2. System Description

Consider the following LTI system with faults and unknown disturbances: where is the state vector, is the input vector, is the output vector, represents the process and actuator fault, and is the unknown disturbance including external interference and model uncertainties (i.e., ) [35], which is supposed to be bounded; that is, , where denotes 2-norm and . , , , , and are constant real matrices of appropriate dimensions, the matrix is of full column rank, and the matrix is of full row rank. The pairs and are supposed to be, respectively, controllable and observable.

Faults are assumed to be zero prior to the failure time and nonzero and time-varying after the fault occurrence. It is assumed that and its time derivative are bounded; that is, there exist two constants and such that and .

In order to detect and estimate the faults, the fault estimation observer is constructed as follows: where is the observer state vector, that is, the state estimation vector, is the observer output vector, is the fault estimation vector, and is the observer gain matrix required to design.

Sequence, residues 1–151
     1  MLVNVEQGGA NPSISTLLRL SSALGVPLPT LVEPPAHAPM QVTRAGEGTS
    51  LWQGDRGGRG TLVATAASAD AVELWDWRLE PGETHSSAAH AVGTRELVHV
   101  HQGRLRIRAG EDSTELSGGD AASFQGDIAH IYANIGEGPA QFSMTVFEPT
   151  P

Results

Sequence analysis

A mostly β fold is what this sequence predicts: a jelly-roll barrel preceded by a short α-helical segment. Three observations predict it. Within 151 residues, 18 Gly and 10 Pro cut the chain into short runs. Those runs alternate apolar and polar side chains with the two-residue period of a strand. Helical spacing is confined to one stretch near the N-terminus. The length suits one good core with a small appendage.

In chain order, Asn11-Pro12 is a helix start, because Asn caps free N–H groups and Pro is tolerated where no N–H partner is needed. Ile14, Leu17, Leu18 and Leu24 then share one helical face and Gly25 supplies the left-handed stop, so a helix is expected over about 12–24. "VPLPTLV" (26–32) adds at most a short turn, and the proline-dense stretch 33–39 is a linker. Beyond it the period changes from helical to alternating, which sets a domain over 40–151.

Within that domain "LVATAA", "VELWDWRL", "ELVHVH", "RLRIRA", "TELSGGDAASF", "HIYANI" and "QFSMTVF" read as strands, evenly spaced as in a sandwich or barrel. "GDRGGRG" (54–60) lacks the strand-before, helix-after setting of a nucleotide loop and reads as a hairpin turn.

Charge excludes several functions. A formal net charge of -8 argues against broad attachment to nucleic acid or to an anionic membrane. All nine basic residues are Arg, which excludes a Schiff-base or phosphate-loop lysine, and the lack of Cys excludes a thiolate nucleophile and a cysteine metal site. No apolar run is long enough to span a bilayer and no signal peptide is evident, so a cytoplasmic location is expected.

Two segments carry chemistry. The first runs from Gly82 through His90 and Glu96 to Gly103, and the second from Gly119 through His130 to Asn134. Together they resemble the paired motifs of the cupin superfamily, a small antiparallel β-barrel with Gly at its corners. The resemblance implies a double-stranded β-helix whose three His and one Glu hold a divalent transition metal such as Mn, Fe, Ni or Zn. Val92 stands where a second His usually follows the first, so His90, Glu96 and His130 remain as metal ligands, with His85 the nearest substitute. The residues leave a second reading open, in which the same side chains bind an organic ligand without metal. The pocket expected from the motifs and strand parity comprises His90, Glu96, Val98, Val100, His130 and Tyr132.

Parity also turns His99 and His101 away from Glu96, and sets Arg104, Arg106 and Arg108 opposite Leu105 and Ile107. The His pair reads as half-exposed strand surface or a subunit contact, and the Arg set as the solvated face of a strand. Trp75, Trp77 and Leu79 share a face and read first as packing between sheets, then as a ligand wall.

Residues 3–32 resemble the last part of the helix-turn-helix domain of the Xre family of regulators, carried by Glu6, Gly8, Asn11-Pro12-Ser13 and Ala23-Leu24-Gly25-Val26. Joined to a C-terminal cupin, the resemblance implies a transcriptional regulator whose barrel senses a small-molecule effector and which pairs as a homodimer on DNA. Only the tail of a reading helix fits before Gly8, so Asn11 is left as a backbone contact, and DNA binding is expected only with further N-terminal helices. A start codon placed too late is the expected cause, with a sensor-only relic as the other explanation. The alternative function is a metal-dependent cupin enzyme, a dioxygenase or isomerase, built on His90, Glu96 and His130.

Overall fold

Denote

Then the error dynamics are described by where is the state estimation error vector, is the output estimation error vector, and is the fault estimation error vector.

In this paper, two fault estimation algorithms, that is, an AFEA and an improved AFEA, will be presented. The AFEA constructs an augmented observer with multiobjective constraint to inhibit the influence of disturbances on fault estimation performance. Then, the improved AFEA uses a new fault estimator model, which plays a major role in improving the rapidity and accuracy of fault estimation. An LMI-based method and the introduction of the convergence rate are used to calculate the observer gain matrices and the unknown parameter. Furthermore, two kinds of fault estimation observers can achieve the estimation of both states and faults simultaneously.

On the basis of the obtained on-line state and fault information, an OSFFTC is designed to stabilize the closed-loop system in the presence of faults. Figure 1 illustrates the structure of the proposed FTC system based on adaptive observer.

Figure 1: The structure of the proposed FTC system based on adaptive observer.

3. AFEA Design